If we talk about the consequences of the corruption then corruption reduces the effectiveness of aid flow through the diversion of funds. Aid, being fungible, helps support unproductive and wasteful government expenditure. Where corruption proves more lucrative than productive work, there is every chance that talent will be misallocated. Corruption also reduces the legitimacy of government in the eyes of people.
Where corrupt individuals are few, it’s a personality problem. That can be contained by correcting individuals. On the other hand, where corruption is all pervasive, as it is at present, it is more important to reforms the system itself rather than punishing individuals. Why is everyone corrupt? Because a want may be assumed to be need plus greed, In India officials justify to themselves corrupting behavior by treating it as moral necessity to take care of family obligation. Such needs justify corruption, greed’s takes over. Then, want becomes the driving force behind corrupt practices, a force unimpeded by any qualm of conscience. Corruption is like mushrooms, it grows in the darkness, so where secrecy is sacrosanct and there is no inspection, corruption grows unchecked and where there is transparency, corruption cannot take root. Exercise of discretionary powers by political and permanent executives also promotes greater darkness in Government functioning.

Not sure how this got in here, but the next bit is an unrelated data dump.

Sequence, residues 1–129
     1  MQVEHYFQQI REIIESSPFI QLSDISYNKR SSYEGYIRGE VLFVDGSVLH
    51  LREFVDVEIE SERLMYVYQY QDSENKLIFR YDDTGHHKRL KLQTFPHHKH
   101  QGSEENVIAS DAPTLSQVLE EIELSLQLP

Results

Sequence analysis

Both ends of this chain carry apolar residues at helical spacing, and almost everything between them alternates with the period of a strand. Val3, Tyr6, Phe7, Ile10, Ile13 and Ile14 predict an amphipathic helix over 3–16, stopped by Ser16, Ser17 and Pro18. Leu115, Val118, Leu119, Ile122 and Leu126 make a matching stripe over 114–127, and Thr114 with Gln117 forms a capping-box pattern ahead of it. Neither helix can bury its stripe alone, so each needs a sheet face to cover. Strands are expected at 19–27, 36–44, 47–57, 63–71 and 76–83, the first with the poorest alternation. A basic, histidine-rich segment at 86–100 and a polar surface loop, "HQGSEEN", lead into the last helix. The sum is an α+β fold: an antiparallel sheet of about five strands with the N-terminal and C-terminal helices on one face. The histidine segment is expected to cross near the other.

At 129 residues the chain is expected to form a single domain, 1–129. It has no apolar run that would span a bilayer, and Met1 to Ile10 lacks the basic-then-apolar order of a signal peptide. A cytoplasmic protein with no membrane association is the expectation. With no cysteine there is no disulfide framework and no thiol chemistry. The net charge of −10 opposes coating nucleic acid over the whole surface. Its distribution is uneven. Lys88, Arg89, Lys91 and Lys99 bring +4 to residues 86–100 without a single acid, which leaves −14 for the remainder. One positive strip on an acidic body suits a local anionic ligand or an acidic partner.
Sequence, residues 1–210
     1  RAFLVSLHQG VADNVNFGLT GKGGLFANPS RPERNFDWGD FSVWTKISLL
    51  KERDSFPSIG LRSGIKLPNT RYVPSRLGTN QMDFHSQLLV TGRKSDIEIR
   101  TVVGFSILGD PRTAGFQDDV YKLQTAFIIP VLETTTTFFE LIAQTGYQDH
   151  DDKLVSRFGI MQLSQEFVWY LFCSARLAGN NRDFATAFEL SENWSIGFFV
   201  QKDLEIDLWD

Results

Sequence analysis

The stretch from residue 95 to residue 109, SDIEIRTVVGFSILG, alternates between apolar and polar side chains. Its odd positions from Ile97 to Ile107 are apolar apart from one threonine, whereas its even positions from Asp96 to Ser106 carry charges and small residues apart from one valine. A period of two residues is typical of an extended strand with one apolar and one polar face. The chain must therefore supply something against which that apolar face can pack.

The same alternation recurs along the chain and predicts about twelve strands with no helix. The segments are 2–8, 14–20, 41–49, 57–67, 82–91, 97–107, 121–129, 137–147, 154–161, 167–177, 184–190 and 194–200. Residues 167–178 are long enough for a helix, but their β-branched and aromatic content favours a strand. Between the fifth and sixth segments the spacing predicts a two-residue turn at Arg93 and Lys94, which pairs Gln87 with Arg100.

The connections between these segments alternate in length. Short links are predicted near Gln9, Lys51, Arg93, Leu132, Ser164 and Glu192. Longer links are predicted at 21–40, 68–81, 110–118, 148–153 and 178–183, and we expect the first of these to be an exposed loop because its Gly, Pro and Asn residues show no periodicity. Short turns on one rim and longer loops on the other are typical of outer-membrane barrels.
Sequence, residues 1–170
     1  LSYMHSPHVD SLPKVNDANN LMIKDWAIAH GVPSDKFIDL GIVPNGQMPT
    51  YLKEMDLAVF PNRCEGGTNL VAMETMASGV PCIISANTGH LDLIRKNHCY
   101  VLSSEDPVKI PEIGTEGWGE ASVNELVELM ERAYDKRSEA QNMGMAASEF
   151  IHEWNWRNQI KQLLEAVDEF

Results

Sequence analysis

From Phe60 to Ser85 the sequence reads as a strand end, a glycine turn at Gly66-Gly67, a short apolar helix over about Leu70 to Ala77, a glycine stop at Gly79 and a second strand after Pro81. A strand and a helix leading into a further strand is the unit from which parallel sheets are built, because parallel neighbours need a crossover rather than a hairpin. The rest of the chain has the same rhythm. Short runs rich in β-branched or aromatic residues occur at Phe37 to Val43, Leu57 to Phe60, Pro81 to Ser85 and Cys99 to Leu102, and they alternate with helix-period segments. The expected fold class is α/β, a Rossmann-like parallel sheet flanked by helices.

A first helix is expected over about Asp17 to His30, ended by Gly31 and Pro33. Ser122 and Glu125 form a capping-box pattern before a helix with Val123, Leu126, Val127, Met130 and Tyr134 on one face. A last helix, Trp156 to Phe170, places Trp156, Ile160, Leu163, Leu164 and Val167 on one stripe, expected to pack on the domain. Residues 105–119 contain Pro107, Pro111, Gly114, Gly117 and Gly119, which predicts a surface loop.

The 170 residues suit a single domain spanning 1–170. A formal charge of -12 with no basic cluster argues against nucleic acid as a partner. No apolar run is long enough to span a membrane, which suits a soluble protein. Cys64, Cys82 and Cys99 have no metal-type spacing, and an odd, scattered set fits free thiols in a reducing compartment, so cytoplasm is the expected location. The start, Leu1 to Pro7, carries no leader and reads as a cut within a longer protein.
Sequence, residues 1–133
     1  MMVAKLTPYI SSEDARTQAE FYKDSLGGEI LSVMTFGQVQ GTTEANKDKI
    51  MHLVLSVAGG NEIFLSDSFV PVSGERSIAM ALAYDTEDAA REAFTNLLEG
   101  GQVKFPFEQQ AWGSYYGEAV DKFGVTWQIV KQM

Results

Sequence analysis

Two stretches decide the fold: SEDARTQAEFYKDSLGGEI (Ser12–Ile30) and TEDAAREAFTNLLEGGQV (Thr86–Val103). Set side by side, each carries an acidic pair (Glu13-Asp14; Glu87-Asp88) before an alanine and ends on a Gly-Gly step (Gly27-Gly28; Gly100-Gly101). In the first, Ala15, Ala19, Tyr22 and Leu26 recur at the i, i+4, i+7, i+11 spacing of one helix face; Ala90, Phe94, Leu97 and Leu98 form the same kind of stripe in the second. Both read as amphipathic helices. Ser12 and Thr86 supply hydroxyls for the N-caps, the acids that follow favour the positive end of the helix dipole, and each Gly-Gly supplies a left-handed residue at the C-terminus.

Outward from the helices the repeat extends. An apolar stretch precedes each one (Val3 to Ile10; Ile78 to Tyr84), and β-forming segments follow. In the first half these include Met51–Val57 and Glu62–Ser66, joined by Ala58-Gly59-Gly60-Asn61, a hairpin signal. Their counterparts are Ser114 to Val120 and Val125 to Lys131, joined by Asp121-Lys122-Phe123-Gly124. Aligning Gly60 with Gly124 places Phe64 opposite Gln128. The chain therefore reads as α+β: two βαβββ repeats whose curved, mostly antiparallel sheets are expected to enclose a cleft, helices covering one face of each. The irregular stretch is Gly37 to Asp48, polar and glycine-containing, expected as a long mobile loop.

There are basically two kinds of actors, one which are involved in corruption-bureaucrats and politicians. It is a cardinal rule that while bureaucrats can be corrupt independently, politicians can be corrupt only in collusion with conniving officials. So, if only bureaucrats can be made honest, political corruption will automatically come under contract. It must also be noted that it is more difficult to tackle politicians. The level of corruption depends on values and morals of a society. In any society, it is but natural that about 10% of the population is always honest by nature and about 10% of the population always dishonest. The idea is to design a system that checks the corrupt tendencies of the remaining 90%. Politics has become a breeding ground of corruption in modern time. Use of muscle power and black money during elections has become a common parlance.
To tackle with this big problem of corruption at the Central level, government constituted special police establishment in 1943 and this organization was replaced by the Delhi special police establishment in 1946. Presently this organization is a part of Central Bureau of Investigation (CBI). Government enacted prevention of corruption Act, 1947. This Act was replaced by Prevention Corruption Act, 1988. This Act applied to the whole of India and contains provisions for more effective prevention of bribery and corruption.
In every society there is a limited room for sinners. Corruption can be minimized and checked but not eradicated altogether and hence it is futile taking a purist view. It has to be accepted that entire masses of people cannot be turned into saints. There has been corruption in all societies in all history, and it has taken various forms. How to keep it to the bare minimum level is what ought to concern us, and in that view of the matter, every step in that direction promises a reduction in the level of corruption should be welcomed care would still need to be taken that the remedy advocates is not eventually worse than the disease…